The invention has for its object to provide an X-ray analysis apparatus in which without a loss of resolution other detection means are used which permit a wider choice in detection methods.
For this purpose, according to the invention, an X-ray analysis apparatus of the kind mentioned in the opening paragraph is characterized in that the detection device comprises a composite photodiode - semiconductor detector of which various detector elements can be connected individually or in combination to a signal reading device.
Photodiodes, such as silicon photodiodes, can be manufactured without great difficulty in various forms and dimensions and have a high stability even after a prolonged irradiation by X-ray quanta. For signal reading, direct use can be made of operational amplifiers. Photodiodes for measuring electromagnetic radiation as such are known, but these devices are usually adapted to count pulses and not to measure directly the photo-current produced by the incident radiation.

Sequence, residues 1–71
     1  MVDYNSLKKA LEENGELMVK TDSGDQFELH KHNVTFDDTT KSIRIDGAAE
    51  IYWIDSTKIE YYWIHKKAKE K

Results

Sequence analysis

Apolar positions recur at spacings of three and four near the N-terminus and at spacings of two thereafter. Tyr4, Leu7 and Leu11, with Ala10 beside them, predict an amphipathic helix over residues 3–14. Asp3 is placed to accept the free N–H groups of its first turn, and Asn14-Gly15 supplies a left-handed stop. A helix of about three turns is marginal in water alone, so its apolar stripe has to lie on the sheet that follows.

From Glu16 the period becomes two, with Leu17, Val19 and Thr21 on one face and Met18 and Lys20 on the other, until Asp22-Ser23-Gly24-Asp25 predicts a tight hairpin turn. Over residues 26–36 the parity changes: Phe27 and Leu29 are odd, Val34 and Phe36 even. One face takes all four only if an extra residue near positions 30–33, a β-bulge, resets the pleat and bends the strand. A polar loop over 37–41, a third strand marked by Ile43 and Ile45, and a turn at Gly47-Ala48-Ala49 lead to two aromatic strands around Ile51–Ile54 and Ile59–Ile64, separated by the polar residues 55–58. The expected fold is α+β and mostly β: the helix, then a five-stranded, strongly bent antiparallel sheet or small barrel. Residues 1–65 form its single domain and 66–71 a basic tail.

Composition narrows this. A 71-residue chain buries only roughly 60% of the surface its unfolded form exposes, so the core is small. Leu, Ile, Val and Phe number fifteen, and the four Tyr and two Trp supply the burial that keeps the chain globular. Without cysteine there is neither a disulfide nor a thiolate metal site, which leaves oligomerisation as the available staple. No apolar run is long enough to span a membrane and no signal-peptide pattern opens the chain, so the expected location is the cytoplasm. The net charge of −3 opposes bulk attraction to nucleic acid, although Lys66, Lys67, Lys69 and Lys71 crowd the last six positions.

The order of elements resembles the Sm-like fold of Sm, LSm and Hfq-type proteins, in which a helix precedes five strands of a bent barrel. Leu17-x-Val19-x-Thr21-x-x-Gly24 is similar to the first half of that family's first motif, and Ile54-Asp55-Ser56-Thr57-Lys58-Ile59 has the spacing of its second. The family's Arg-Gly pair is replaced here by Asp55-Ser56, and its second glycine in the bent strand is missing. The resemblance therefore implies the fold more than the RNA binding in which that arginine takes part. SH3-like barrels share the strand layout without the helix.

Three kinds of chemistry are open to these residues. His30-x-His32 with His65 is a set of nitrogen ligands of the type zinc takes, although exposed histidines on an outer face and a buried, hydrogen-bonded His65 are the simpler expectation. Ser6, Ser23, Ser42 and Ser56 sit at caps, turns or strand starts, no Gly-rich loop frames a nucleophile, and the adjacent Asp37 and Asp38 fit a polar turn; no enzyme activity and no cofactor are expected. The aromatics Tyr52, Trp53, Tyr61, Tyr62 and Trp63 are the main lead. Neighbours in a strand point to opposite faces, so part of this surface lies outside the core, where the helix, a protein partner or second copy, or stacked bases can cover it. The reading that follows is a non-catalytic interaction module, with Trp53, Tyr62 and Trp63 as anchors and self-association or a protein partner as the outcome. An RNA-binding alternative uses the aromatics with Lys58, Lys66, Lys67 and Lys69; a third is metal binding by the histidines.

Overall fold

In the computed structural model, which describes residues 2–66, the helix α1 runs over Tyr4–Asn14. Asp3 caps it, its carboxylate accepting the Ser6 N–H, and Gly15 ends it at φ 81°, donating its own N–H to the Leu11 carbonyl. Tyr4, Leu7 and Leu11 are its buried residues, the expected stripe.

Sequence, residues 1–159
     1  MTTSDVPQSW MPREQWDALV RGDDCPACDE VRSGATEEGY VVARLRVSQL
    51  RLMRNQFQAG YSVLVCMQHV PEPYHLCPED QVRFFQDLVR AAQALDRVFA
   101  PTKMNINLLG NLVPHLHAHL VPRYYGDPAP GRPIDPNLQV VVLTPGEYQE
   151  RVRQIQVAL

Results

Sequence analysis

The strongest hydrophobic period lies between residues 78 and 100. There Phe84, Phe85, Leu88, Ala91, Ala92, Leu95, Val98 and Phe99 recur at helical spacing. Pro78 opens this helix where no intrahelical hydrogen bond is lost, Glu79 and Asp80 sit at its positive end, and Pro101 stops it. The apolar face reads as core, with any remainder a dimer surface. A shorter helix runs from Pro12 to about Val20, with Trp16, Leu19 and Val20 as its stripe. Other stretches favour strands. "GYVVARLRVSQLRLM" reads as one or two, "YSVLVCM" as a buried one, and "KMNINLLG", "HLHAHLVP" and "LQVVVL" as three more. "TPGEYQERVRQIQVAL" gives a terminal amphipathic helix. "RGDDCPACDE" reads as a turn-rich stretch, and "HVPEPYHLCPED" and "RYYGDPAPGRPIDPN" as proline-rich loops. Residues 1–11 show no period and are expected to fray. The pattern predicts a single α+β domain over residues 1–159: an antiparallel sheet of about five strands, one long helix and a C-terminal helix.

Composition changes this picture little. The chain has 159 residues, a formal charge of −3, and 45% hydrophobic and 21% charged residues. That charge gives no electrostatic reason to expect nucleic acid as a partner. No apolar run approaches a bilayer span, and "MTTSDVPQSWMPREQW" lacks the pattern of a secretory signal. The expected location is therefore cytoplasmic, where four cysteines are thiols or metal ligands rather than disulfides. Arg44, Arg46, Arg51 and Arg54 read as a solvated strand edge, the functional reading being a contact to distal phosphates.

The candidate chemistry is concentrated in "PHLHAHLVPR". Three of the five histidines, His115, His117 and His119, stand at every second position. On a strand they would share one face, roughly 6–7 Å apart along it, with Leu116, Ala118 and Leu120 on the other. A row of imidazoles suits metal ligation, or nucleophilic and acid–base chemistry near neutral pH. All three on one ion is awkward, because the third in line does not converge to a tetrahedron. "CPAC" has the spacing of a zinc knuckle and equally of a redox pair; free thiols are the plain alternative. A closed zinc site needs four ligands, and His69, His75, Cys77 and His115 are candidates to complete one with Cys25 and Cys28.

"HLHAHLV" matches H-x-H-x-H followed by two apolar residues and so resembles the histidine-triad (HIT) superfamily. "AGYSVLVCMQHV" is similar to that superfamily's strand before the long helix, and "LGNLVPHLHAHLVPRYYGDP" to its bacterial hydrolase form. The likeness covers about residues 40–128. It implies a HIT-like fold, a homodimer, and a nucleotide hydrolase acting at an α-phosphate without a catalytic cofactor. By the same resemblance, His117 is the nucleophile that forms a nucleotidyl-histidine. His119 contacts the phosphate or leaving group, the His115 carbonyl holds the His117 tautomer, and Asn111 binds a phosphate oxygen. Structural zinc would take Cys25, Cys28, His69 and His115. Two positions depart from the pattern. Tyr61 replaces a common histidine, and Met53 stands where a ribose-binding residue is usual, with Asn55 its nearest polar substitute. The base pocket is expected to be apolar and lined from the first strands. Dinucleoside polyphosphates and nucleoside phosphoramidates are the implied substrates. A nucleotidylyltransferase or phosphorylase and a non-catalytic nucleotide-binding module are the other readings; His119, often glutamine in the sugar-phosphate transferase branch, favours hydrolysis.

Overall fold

By adaptation of the diode dimension which is determinative of the resolution of an apparatus equipped with such diodes, it can now be achieved, for example, that this resolution is determined by an effective detector cell width instead of by a mechanical detector slit. Thus, for example, in a powder diffractometer equipped with an adapted diode detector an at least equal resolution can be realized by means of a simpler and less expensive apparatus. An X-ray spectrometer can be constructed in a corresponding manner without a loss of resolution in a less expensive and simpler way. The dimension of the diodes is defined during the manufacture and can be adapted without further expedients to an optical radiation system. By an electronic combination of several photodiodes arranged beside each other, a stepwise adjustment of the slit width can be obtained, which, for example, can also replace the usual slit exchange for various measurements. By a suitable combination of photodiodes or by an adapted construction of a photodiode as such, the influence of the temperature-dependent dark current of the photodiodes in the measurement results can be reduced sufficiently.